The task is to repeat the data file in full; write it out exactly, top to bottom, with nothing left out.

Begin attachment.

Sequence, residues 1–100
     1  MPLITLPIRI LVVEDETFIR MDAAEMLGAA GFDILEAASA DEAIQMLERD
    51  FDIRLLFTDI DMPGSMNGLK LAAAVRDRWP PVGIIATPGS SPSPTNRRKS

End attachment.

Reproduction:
Sequence, residues 1–100
     1  MPLITLPIRI LVVEDETFIR MDAAEMLGAA GFDILEAASA DEAIQMLERD
    51  FDIRLLFTDI DMPGSMNGLK LAAAVRDRWP PVGIIATPGS SPSPTNRRKS